Nell Irvin Painter: 2010 National Book Festival


Uploaded by LibraryOfCongress on 12.10.2010

Transcript:
>> From the Library of Congress in Washington D.C.

>> Good morning.
My name is Rachel Hartigan Shea editor
of the Washington Post Book World.
The Washington Post is very proud to be a charter sponsor
of the National Book Festival and I am very pleased
to introduce the next author.
Nell Irvin Painter is one
of the leading historians in and of this country.
She is a professor of American history at Princeton University
where she has also served as director of Princeton's program
in African-American studies.
She's written seven books including Sojourner Truth,
Standing at Armageddon which is a history of the progressive era
and The History of White People.
In The History of White People she argues that I quote,
"race is an idea, not a fact" and traces the development of that idea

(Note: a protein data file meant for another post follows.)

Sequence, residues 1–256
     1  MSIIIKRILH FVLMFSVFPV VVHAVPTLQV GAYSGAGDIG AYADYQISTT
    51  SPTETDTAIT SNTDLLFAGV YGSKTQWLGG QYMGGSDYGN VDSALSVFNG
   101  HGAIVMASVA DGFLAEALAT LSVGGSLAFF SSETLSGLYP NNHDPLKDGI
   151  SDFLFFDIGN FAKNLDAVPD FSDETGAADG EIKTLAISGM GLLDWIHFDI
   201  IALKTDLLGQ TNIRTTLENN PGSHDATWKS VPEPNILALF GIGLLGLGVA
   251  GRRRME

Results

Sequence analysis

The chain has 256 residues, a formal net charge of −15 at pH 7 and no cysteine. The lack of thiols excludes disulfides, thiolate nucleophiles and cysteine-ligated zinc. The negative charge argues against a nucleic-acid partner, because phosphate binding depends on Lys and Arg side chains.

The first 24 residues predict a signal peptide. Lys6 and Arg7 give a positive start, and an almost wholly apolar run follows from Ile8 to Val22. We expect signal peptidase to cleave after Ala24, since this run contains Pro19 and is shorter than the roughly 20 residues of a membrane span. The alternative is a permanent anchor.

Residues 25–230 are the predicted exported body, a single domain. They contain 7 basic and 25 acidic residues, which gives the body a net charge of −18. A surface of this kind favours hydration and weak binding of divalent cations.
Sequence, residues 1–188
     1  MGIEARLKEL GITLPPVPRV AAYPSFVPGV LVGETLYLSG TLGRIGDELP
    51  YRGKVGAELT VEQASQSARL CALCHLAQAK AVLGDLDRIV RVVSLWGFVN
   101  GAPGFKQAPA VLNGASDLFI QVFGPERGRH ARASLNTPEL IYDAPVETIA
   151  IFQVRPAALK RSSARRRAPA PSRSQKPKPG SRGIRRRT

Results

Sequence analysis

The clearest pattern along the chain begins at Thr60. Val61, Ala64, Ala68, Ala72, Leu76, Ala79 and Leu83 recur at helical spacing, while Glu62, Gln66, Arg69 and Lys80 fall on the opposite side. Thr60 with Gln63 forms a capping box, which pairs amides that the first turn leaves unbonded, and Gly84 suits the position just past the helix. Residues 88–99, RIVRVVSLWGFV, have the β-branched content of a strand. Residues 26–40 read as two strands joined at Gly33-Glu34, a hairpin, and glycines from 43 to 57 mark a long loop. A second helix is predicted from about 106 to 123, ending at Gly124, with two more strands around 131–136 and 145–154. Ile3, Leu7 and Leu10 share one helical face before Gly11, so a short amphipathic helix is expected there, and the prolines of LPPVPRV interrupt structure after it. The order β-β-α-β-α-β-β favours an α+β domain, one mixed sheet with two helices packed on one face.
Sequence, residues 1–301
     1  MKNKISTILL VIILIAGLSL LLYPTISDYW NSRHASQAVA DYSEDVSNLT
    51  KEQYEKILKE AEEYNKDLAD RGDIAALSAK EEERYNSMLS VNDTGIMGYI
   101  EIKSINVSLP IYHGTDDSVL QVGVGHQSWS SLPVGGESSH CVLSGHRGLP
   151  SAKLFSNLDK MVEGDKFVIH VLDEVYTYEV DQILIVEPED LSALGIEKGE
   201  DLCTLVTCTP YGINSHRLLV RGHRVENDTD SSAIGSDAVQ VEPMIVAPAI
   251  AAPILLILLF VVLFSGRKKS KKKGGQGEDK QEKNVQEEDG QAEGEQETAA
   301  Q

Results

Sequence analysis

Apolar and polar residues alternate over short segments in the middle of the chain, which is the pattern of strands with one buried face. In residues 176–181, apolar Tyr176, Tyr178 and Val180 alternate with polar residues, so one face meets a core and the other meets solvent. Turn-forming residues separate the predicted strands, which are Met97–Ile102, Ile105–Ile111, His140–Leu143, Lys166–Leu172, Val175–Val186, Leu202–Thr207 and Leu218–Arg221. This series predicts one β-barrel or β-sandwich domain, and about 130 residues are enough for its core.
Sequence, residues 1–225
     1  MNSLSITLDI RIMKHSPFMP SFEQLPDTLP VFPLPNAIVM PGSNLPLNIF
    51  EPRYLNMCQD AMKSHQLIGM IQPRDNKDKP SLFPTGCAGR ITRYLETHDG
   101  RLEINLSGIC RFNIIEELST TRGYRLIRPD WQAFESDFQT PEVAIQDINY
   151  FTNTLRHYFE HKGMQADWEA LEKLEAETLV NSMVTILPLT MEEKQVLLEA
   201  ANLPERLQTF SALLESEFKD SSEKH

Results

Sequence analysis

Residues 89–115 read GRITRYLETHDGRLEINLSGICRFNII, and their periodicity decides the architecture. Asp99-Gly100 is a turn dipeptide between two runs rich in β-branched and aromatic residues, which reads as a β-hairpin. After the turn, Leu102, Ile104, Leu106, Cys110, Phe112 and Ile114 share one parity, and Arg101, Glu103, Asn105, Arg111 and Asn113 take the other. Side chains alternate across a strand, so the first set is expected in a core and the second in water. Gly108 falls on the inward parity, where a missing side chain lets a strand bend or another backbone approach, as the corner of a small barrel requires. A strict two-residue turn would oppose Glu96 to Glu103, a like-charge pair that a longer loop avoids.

from classical times to the present.
Not one to shy away from a challenge,
she has arm wrestled Stephen Colbert on TV and is currently working
on an MFA in painting at the Rhode Island School of Design.
Please join me in welcoming Nell Irvin Painter
[ Applause ]
>> Hi folks.
Thank you much for staying.
Glad to see you all.
I'm not going to read from my book, The History of White People.
I'm gonna talk about it a little bit
and then leave some time for questions.
And if you have a question, please use the mics.
So if you already have a question, you can go to the mic now.

I often get ask why did I write The History of White People
as if my body would stop me from any area of inquiry.
I'm a historian and I write on what I want.
I was thinking when I started this book back
into the 20th century why are white people called Caucasian?
Have any of you asked yourself that?
Do you know why?
No. And this was when the Russ-- well, it's still happening.
The Russians and the Chechens and Chechnyas
in the caucuses were having tremendous struggle.
So, why are White Americans called Chechens?

Well, I did find the answer.
The answer took me to Germany, took me to Germany in the 18th century.
Now, the idea of race was invented in the 18th century.
It doesn't go back to antiquity.
There were not White people in antiquity.
But since so many people thought that, I thought I should address it.